December 8th, 2014

BU's Frith comes in fourth at nationals

Adam Pruiett

Bellarmine University Assistant S.I.D


BU's Frith comes in fourth at nationals
Frith came in fourth / photo from Bellarmine athletic department

With her friends, family, teammates and the Bellarmine University community as a whole rallying around her, Emily Frith went out Saturday in the rain and mud at the 2014 NCAA Division II Cross Country Championships and delivered the crowning achievement of her unparalleled career.

In her final collegiate cross country race, which fittingly took place on her home course at E.P. Tom Sawyer State Park, the Knights' senior became a two-time All-American by finishing fourth overall and solidified her place as the most accomplished harrier in BU history.

"It was a perfect ending to a really great career," Bellarmine Coach Kris Horton said.

"I'm super excited," said Frith, who finished in 21:16.7 in a race that was shortened from a 6K to a 5.78K due to the sloppy conditions caused by relentless rain over several days. "I couldn't have asked for a better end to my season. I definitely tried as hard as I could, and I went away feeling like I gave it my all."

In doing so, Frith secured the best finish at the NCAA Championships in program history. The native of Crab Orchard, Kentucky, bested the 12th-place outing of Angela Musk in 2012. Musk, a huge supporter of her former teammate, warmed up with Frith before Saturday's race. Two years ago, Frith placed 31st at nationals to earn her first All-America honor.

Grand Valley State easily won the women's team title, posting a 50 behind the top three individual performances. Sophomore Kendra Foley won the individual championship in 21:05.80, senior Allyson Winchester was next in 21:11.50 and junior Jessica Janecke placed third in 21:14.70. Frith was right behind and cleared the finish line a mere 11 seconds back of Foley.

"There were probably 10 girls who could have legitimately won it," said Frith, who placed second at the Midwest Regional. "Everybody that was up in that front pack deserved to be there. We raced our guts out."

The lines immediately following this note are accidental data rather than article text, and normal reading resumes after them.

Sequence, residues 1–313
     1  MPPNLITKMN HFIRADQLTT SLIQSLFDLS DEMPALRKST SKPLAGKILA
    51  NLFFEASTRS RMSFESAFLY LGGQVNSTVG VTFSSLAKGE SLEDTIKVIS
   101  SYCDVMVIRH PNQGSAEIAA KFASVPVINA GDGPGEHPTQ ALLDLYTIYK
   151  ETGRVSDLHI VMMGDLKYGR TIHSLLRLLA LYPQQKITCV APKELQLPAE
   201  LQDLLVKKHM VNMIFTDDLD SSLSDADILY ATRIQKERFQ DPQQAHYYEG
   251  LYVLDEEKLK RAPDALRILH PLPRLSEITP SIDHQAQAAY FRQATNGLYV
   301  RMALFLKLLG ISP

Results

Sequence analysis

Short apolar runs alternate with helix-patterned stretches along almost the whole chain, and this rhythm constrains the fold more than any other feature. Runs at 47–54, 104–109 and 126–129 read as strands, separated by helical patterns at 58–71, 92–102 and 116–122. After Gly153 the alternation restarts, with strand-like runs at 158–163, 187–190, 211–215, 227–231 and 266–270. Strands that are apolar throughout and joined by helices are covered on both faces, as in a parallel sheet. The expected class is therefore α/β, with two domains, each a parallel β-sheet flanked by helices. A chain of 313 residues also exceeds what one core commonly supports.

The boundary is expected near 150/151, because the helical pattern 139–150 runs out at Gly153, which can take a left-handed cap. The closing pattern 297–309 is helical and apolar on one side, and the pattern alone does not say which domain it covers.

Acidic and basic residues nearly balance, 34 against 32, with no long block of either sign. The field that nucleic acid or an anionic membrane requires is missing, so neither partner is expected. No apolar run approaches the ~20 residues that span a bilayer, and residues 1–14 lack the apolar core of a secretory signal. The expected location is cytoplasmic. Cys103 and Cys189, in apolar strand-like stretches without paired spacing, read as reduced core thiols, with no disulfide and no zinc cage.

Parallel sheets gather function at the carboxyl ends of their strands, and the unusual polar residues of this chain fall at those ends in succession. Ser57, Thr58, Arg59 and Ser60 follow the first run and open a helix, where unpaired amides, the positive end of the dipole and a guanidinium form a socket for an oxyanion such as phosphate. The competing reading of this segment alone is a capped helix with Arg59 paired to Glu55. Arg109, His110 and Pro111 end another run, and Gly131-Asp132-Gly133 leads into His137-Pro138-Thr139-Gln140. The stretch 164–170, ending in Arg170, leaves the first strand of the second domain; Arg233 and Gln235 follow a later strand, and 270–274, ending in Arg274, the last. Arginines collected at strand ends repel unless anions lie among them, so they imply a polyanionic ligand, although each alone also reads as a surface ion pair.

And they did it in uncompromising conditions.

"We had mud from our toes to our head," Frith said.

As a result, Horton emphasized to Frith that getting out quickly was imperative. As sensational as Frith is in long-distance running, the two-time defending Great Lakes Valley Conference Runner of the Year readily concedes that acceleration out of the gate isn't her strong suit. However, Horton said she was among the top 15 at the 1K mark and had pushed into the top five by 2,400 meters.

"I knew at that point, there was no doubt it was going to end well," Horton said. "She went for it, and it was just awesome to watch."

Horton noticed a distinct change in Frith's demeanor than he usually observes before a prestigious meet. The Lincoln County High School product says she's always a nervous wreck before competitions, and it stands to reason that her anxiousness would have been magnified on Saturday. However, that wasn't the case at Tom Sawyer for Bellarmine's record holder in both the 5K and 6K.

"Mentally she was as calm, confident and composed as I've ever seen her in a race of this magnitude," Horton said. "I had a feeling deep down that she was ready for a big day.

"It was awesome. The biggest thing was she didn't sell herself short. I don't think she could have run any better. I'm really proud of her and all she's done, and what she's meant to the program as a whole."

Right before the meet, as Frith was getting set for the most important race of her life, her teammates gathered in back of her and belted out encouragements, many of which were humorous and put her at ease. By the end, they were celebrating a legend.\

"I probably looked like an idiot because I couldn't stop smiling at the starting line," Frith said with a chuckle, "but it's one of the best days of my life.

"It was so special. It was almost too good to be true. At the end, I was so emotional. I couldn't have asked for a better day." 

 

 

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